There has been a lot of discussion in the news lately about NFTs. Short for “non-fungible token,” the term refers to digital assets that can’t be replaced with something else – even something of equal value. While you might be able to exchange a $20 bill for two $10 bills, NFTs are uniquely valuable. Rather than being an actual object you own, NFTs are a signed digital certificate of ownership.
You have probably heard a bit about the art associated with NFTs. While it is easy to assume you are buying priceless art, the images actually serve as a representation of the transaction. Unlike traditional art, NFTs can be viewed by anyone with a certificate attached explaining ownership.
If you are considering venturing into the world of NFTs, it’s important to protect your investments. With enough forethought, you can include NFTs in your estate plan and ensure your heirs one day gain ownership. Putting NFTs in a trust is one thing; it is just as important to understand how intangible artwork can be accessed down the line, as that is the only way NFTs can be passed down.
It is impossible to physically hand over an NFT to a loved one. While you can pass the digital art through a will or trust, it is a more complicated process than you might expect. That is because NFTs can only be accessed with a password or personal key. That is true even if a judge orders the inheritance during probate. If your heirs do not have the password associated with your NFTs, they will never be able to access them after you are gone.
Digital assets are becoming more and more popular. The rise of cryptocurrency and NFTs has led many people to wonder about how to best protect their digital legacy for the long haul. Your email account, social media profiles, loyalty program benefits, and online accounts for utilities can all be factored into your estate plans.
By creating a digital estate plan, you minimize the stress your family and loved ones experience at the time of your passing. A written plan that includes important passwords and instructions for how digital assets should be managed can be incredibly helpful during their time of grief. The creation of such plans can also guard against risks like identity theft, fraud, and hacking.
To protect your NFTs and other digital assets, start by taking inventory. Consider every account, username, and login you might want your loved ones to have access to. Then create a list with the information, making sure to include the password to each account. It is also a good idea to include the security questions associated with a given account and, of course, the answers to those questions.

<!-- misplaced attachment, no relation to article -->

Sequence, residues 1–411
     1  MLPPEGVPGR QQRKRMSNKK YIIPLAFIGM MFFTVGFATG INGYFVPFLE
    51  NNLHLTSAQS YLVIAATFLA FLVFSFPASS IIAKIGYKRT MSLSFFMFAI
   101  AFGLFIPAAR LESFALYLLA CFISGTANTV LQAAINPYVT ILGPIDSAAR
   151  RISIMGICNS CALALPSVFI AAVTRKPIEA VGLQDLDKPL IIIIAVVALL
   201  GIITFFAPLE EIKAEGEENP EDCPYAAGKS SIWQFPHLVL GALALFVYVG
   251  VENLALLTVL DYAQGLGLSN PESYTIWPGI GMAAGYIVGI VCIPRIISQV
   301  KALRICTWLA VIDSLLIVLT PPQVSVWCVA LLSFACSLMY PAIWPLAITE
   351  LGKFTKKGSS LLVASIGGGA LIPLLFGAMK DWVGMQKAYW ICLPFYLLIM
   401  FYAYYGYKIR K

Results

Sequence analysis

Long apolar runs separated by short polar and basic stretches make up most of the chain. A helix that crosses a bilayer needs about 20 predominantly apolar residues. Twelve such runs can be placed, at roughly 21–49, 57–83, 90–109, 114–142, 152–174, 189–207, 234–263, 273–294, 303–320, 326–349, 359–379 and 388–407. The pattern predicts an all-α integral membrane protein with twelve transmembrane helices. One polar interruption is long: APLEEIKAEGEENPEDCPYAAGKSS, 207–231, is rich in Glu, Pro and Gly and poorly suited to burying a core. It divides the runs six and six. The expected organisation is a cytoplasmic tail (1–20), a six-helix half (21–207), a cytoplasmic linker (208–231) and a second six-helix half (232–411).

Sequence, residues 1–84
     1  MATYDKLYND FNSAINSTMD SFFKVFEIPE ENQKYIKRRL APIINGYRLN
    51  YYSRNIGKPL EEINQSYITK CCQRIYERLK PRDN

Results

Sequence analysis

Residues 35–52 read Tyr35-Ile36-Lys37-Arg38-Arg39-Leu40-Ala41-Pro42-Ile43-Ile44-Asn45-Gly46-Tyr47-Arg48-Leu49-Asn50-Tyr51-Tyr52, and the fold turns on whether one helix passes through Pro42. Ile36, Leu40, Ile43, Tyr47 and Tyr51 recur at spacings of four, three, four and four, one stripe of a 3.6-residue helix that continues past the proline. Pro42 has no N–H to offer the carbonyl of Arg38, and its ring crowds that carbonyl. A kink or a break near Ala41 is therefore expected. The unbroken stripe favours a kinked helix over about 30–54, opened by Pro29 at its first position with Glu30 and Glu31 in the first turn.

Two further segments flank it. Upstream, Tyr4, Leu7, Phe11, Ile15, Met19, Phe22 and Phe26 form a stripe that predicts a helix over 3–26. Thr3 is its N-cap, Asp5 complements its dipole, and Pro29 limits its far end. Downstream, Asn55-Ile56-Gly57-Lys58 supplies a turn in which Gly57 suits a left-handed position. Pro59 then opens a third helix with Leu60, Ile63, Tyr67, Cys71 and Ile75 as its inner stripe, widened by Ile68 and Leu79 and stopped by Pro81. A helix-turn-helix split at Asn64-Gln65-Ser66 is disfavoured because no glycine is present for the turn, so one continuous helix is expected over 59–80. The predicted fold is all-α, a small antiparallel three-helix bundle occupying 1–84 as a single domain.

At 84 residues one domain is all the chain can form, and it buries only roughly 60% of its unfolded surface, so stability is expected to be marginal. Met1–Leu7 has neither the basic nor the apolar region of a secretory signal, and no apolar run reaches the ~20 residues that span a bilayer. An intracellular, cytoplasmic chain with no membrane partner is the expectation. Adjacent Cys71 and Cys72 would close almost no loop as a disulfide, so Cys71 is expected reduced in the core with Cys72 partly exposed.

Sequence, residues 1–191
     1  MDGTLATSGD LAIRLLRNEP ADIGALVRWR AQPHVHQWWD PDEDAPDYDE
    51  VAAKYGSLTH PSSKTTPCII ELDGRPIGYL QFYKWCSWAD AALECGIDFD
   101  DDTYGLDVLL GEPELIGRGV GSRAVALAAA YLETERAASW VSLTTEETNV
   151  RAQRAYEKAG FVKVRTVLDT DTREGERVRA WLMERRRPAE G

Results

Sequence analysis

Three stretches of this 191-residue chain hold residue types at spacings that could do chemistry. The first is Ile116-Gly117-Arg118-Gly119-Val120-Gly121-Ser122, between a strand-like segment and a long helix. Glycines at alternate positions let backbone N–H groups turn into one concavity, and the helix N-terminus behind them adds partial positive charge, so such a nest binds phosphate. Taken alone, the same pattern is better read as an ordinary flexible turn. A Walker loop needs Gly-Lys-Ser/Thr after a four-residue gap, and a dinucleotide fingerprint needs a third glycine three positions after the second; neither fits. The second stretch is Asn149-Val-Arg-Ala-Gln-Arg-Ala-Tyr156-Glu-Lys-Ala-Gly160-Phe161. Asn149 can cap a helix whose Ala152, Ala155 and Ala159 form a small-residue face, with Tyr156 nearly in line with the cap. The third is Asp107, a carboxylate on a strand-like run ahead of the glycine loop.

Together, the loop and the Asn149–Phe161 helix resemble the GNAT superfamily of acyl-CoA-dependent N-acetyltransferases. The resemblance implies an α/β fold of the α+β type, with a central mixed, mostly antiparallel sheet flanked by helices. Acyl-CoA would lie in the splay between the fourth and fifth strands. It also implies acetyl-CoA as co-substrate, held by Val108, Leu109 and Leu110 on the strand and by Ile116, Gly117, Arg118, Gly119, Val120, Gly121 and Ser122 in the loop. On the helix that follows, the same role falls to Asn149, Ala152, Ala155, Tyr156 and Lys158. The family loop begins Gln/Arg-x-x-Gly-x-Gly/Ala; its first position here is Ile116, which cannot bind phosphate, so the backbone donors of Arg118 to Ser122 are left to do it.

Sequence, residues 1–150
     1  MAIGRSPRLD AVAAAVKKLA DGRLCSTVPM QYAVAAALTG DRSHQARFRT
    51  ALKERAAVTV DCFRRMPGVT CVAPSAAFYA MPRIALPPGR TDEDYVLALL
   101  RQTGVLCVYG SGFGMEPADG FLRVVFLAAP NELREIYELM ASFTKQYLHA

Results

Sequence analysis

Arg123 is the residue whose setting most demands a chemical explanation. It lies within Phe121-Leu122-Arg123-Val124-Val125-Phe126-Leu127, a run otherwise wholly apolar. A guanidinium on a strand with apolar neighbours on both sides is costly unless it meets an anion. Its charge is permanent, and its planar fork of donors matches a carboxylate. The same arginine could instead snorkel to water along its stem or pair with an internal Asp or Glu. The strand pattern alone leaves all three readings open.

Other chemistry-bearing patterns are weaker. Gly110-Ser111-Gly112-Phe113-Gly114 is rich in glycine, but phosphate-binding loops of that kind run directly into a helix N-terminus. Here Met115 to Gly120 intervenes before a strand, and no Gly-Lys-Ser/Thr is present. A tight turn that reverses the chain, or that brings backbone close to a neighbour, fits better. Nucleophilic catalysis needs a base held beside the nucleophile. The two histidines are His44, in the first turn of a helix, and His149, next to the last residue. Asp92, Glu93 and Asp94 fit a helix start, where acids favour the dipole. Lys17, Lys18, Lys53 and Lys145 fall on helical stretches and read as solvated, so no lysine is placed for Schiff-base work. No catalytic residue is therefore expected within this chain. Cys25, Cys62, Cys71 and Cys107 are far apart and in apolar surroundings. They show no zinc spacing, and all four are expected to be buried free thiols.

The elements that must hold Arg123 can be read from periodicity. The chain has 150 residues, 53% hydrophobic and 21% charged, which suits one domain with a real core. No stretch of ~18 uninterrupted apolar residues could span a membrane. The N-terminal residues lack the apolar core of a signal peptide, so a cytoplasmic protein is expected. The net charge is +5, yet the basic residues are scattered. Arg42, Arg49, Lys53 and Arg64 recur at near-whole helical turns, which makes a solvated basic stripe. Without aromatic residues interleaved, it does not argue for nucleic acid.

Once you have got a master list assembled, consider to whom you would like to grant access. Maybe you want assets of value to be passed onto your children, while your login to your digital photo albums might be reserved for your spouse only. If you run any online accounts linked to your business, it is a good idea to grant access to your business partners. That is especially true if you have a presence on e-commerce sites like Amazon or Etsy. Would you really want your shop placed in the hands of your spouse upon your passing, or would you prefer a trusted business partner to take over? The answer to this kind of question can help guide you through the process.
Finally, consider appointing a digital executor to handle your assets on your behalf. This person will have access to all your accounts and be in charge of distributing or destroying assets. You can appoint anyone you would like, but many people choose an attorney or friend to limit the stress placed upon grieving family members.
If you are unsure about how best to protect your digital assets, it is a good idea to meet with a trusted estate planning attorney as soon as possible. An estate planning professional can guide you through recommendations and important next steps to take. Given how quickly the world of cryptocurrency and NFTs is evolving, it is crucial to stay in the loop and follow recommended estate planning best practices.
To schedule a complimentary strategy session to discuss how Hegwood Law Group’s experienced attorneys can help you protect your digital assets, call us at (281) 885-8826 or schedule online today.
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